Where does my blood donation go? You can now find out!
Donors can now see where their blood was used
I’ve never been a fan of needles, and getting a shot was something I used to dread. But that all changed a few years ago when I became a regular blood donor.
I had given blood voluntarily twice in my life until about four years ago. Once was to help a friend’s young niece who was having heart surgery, and the second time was for a co-worker who was battling cancer and needed it as he underwent a bone marrow transplant.
Regardless of any fear I had, I knew it was something I needed to do.
Making those donations helped me to realize that not only was it not a big deal to get a little poke from a needle, I also realized how important that donation can be to a person and their family. That realization really set in when my own family benefited from blood donors. My dad had a heart transplant a few years ago, and without blood donors he might not have made it through the procedure and he might not still be with us today.
Now I donate every time I’m eligible, which is about every eight weeks. Just a few days after my last donation I got a message from the Kentucky Blood Center thanking me for giving. That happens often, but the rest of the message was something new. It told me my donation was used by a patient at a hospital near my home, and it even named the hospital. It added, “Thanks for helping save a local life.”
This immediately grabbed my attention, and I made a call to the blood center to find out more.
I spoke with Mandy Brajuha, vice president of external relations with Kentucky Blood Center, and she said letting donors know where their blood was used is a new feature that recently became available through an update in the blood center’s software.
Brajuha said the center needs approximately 400 donors a day to meet the need for blood by hospitals across the state. She added that all donations made to the Kentucky Blood Center stay in Kentucky and are distributed to hospitals throughout the state. Other organizations that collect donations, such as the American Red Cross, send blood to its central processing center in St. Louis, then ship it across the United States. While all donations help someone, Brajuha said the idea of helping people right here at home appeals to many donors who give to the Kentucky Blood Center.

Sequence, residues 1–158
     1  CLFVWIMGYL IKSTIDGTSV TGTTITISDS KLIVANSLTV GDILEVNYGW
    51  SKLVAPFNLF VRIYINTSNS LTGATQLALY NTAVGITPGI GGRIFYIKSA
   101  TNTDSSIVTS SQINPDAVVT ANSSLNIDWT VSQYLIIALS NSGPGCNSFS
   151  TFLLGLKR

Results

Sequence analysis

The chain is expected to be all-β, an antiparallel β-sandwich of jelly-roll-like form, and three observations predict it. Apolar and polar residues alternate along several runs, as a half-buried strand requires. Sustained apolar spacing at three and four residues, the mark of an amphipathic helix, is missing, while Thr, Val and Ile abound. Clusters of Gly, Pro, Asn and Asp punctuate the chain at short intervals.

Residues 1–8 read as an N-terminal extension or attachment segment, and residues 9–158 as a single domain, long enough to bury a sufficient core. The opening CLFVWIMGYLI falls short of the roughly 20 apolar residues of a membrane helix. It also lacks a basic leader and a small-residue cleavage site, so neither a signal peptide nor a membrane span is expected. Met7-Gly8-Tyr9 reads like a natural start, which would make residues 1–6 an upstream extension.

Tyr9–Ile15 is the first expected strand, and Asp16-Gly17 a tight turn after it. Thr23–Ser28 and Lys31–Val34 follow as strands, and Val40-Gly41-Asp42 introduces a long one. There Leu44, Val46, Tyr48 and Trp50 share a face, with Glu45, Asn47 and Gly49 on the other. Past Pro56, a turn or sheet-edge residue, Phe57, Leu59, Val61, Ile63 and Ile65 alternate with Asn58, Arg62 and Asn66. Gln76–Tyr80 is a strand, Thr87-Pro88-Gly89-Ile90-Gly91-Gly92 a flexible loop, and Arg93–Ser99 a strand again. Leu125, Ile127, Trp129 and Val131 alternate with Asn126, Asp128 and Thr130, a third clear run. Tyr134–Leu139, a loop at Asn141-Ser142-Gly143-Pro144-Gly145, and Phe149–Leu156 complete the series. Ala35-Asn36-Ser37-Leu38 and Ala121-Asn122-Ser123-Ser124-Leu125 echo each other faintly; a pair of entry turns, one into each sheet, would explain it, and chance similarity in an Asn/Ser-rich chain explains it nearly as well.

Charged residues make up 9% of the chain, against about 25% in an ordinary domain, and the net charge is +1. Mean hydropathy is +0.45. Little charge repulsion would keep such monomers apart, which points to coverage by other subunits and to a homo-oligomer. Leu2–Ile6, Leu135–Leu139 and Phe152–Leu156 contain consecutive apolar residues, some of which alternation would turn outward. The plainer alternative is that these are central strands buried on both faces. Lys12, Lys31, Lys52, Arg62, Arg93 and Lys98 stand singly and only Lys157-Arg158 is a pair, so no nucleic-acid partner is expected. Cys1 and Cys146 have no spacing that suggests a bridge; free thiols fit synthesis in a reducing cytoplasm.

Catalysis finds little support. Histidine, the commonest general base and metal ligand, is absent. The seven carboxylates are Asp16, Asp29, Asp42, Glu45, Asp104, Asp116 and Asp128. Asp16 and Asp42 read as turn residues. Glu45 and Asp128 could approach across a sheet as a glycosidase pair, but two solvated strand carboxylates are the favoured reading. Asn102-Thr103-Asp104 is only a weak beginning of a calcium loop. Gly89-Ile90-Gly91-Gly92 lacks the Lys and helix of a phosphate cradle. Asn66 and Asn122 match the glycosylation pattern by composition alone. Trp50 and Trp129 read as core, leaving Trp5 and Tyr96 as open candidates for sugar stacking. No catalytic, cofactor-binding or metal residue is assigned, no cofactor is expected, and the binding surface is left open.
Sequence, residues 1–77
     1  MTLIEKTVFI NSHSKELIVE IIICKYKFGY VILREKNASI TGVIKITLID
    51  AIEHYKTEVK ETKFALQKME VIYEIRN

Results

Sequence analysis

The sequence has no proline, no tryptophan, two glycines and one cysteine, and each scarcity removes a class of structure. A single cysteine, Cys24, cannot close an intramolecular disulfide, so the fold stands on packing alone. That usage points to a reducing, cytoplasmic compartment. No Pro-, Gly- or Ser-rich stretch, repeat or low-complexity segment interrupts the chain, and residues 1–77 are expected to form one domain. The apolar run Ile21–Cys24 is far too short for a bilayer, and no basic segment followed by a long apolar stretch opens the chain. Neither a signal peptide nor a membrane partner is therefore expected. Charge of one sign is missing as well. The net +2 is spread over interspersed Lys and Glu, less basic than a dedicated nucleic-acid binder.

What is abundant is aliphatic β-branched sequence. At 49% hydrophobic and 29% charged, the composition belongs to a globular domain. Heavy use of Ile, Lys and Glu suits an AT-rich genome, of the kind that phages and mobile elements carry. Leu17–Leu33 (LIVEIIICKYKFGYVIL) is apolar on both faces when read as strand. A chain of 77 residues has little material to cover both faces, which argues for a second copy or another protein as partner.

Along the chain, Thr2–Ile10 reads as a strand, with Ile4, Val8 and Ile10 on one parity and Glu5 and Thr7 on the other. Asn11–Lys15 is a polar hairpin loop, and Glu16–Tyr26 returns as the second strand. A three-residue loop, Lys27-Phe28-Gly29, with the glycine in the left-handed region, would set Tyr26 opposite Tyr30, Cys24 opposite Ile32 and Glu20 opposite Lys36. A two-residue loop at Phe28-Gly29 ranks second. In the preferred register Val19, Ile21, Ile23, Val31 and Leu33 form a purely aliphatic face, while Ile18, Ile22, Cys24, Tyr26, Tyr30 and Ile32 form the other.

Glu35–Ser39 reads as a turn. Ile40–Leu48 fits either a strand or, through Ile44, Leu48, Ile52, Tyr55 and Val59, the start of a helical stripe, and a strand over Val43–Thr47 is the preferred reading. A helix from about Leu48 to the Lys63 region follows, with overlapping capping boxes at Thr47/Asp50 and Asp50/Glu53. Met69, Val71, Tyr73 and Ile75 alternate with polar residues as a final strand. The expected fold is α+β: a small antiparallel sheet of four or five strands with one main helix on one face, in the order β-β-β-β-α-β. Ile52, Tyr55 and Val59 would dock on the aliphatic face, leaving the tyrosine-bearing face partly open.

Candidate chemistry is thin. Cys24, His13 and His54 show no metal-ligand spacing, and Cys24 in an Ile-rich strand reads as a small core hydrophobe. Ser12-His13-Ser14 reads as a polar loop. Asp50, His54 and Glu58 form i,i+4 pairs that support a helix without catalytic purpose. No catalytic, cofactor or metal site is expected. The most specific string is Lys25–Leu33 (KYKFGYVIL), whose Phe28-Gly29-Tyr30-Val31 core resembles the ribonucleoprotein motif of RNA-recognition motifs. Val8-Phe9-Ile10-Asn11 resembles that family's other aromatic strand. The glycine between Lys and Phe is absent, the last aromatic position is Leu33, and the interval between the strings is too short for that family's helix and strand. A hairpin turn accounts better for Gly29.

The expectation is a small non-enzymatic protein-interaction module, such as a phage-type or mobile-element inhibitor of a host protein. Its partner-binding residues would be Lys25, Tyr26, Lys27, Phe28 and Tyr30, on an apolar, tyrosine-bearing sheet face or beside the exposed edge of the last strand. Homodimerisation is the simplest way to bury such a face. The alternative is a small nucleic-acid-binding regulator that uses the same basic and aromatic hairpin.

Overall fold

The message I received said my blood was recently sent to Flaget Memorial Hospital in Bardstown. That was interesting to me because the hospital is very close to Springfield, where I lived for more than 15 years. Brajuha was able to see my donor records and told me my past donations have also benefited people in several parts of Kentucky, with my donations going to hospitals in Ashland, Hazard, Paducah, Whitesburg, and Lexington.
Not only did it stay in Kentucky, but my blood was used quickly. I gave most recently on July 7, and according to Brajuha, it was processed by the center and on its way to a hospital within five days.
“It’s not sitting here for two or three weeks,” Brajuha said.
Anyone wishing to give blood can find a local drive by visiting the Kentucky Blood Center’s website at www.kybloodcenter.org, or by calling the center at 800-775-2522. The center also works with groups and organizations looking to host a drive in their community, and the same contact information can be used.
It was exciting to hear that my blood has helped people throughout the state, and I will definitely continue to give to help meet the need. I hope you will, too!
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